Current California Oak Mortality Task Force Newsletter
MAY 2013 REPORT
(Printable May 2013 COMTF Report)
Texas cooperators in the National Phytophthora ramorum Early Detection Survey of Forests identified a new positive waterway outside a Houston nursery after detecting the pathogen from baits deployed in February. This was the first new positive site of the 2013 survey year and the second new site in the Houston area in the past three months. A second, separate positive was also obtained in February from a site first identified positive in December 2012. While there is currently no evidence suggesting recent P. ramorum introductions, both nurseries had received suspect positive plants in the past. All three positives were obtained from leaf baits deployed in waterways. Cooperators are now repeating the survey with a water sampling technique called “bottle of bait.”
The 2013 National P. ramorum Early Detection Survey of Forests is underway with an estimated 68 streams to be assayed in 12 states nationwide, down from 17 states participating in 2012 due to budget shortfalls. The survey focuses on high-risk waterways near infested forest areas in CA and OR; positive waterways already detected in AL, FL, GA, MS, NC, TX, and WA; and high-risk waterways outside nurseries that may have received infected ornamental plants in these states, plus NY and PA.
SODMAP mobile is a new app available for free at the Apple App Store. Developed by the UC Berkeley Forest Pathology and Mycology Lab, the app is intended for field use and allows the user to identify the locations of trees sampled for P. ramorum and determine the health of each tree at the time of sampling. The app also can calculate the risk of infection at the location where the user is by using the number of sampled trees in the area and proximity of positive trees. High- or moderate-risk ratings indicate action may be needed to preventively protect oak trees. This tool can assist in helping property owners and managers as well as tree care professionals make management decisions; however, other factors must be taken into consideration, such as host distribution, weather patterns, and land management goals. Funding for development of the app was provided by the Gordon and Betty Moore Foundation.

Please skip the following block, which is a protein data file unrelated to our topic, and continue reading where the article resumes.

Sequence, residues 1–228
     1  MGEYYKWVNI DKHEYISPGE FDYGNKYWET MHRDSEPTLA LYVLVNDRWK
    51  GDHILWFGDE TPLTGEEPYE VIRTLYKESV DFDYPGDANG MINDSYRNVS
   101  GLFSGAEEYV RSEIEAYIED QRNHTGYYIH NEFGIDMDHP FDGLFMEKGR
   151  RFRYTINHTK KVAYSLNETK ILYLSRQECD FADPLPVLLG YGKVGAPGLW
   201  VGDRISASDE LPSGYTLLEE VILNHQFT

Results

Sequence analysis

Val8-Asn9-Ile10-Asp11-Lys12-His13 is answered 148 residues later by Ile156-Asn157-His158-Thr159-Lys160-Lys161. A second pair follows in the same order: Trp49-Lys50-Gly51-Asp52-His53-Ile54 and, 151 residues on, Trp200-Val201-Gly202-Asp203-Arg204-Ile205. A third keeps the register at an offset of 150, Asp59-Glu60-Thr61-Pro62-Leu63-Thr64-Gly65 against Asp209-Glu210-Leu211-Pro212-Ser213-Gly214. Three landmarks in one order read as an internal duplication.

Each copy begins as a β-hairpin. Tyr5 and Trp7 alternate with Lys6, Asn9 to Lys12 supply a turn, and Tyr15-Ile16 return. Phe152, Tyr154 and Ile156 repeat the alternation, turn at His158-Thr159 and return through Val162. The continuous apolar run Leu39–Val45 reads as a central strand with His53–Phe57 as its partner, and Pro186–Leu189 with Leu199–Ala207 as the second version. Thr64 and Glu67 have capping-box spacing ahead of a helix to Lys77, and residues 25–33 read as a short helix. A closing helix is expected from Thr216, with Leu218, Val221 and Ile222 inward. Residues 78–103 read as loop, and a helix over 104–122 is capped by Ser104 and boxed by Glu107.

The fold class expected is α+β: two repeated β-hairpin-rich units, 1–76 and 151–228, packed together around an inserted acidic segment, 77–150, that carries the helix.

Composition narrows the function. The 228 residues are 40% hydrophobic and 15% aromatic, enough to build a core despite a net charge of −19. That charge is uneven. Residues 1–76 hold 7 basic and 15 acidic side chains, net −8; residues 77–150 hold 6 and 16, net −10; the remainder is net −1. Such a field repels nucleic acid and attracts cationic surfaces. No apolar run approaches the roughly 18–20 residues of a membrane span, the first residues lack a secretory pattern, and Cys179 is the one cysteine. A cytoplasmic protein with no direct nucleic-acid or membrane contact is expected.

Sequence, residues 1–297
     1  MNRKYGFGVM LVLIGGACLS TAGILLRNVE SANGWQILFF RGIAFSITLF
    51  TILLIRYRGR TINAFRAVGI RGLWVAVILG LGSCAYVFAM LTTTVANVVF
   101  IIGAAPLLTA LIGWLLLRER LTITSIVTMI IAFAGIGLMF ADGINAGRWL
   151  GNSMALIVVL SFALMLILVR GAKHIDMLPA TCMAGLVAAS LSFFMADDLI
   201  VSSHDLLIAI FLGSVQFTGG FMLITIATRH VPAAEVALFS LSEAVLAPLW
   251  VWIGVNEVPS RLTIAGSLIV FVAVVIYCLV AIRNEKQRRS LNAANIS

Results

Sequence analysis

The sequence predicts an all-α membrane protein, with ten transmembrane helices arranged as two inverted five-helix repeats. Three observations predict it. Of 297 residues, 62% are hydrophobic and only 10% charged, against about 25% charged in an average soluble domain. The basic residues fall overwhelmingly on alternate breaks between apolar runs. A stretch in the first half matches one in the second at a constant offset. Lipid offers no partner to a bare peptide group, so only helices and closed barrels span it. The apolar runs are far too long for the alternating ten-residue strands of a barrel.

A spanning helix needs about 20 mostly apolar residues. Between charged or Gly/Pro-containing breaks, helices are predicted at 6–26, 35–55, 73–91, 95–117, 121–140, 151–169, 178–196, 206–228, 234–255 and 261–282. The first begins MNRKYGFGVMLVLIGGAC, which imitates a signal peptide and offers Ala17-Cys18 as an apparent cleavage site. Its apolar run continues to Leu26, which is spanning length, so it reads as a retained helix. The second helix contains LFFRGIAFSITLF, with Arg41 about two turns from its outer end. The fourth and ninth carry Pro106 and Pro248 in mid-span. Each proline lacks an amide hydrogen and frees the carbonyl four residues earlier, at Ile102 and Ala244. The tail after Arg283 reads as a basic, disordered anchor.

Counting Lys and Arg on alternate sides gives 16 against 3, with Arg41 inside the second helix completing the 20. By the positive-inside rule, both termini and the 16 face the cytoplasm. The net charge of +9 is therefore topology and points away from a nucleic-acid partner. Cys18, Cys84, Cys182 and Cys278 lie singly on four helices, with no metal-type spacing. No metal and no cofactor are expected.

A Gilroy nursery (Santa Clara County) was confirmed positive for P. ramorum on April 18th. The positive Loropetalum chinense (5 g) plant was identified during a compliance agreement inspection. No high-risk host and associated host plants have been shipped interstate in the last six months. This facility was previously positive in 2004 and 2005. The Confirmed Nursery Protocol has been implemented.
Oregon had three P. ramorum-positive nurseries identified in April. A Clackamas County facility was found to have infected Camellia, Gaultheria, Pieris, Rhododendron, Trachelospermum, and Viburnum on April 11th. Soil sample tests are still pending. The nursery has not previously tested positive. Two Washington County nurseries were also found with P. ramorum-positive plants on April 16th. Both nurseries have been previously positive, with the first nursery positive annually from 2006 through 2010 and the second positive in 2012. Positive plants at the first nursery included Rhododendron sp. and Magnolia grandiflora. Positive plants at the second nursery included Rhododendron ‘Anna Kruschke’ and Viburnum ‘Pink Dawn.’ Soil sample testing at both nurseries is in process.
The Kitsap County, Washington retail garden center found positive in March (reported in April newsletter) had a positive soil sample confirmed at the nursery on April 11th. The nursery has followed USDA direction for treating the affected area, and the retail Confirmed Nursery Protocol is nearly complete.
The Washington Department of Agriculture has conducted recertification sampling at 22 interstate host shipping nurseries this spring, with no P. ramorum-positive samples identified.
Kelsey, R.G.; Beh, M.M.; Shaw, D.C.; and Manter, D.K. 2013. Ethanol Attracts Scolytid Beetles to Phytophthora ramorum Cankers on Coast Live Oak. Journal of Chemical Ecology. 39: 494-506.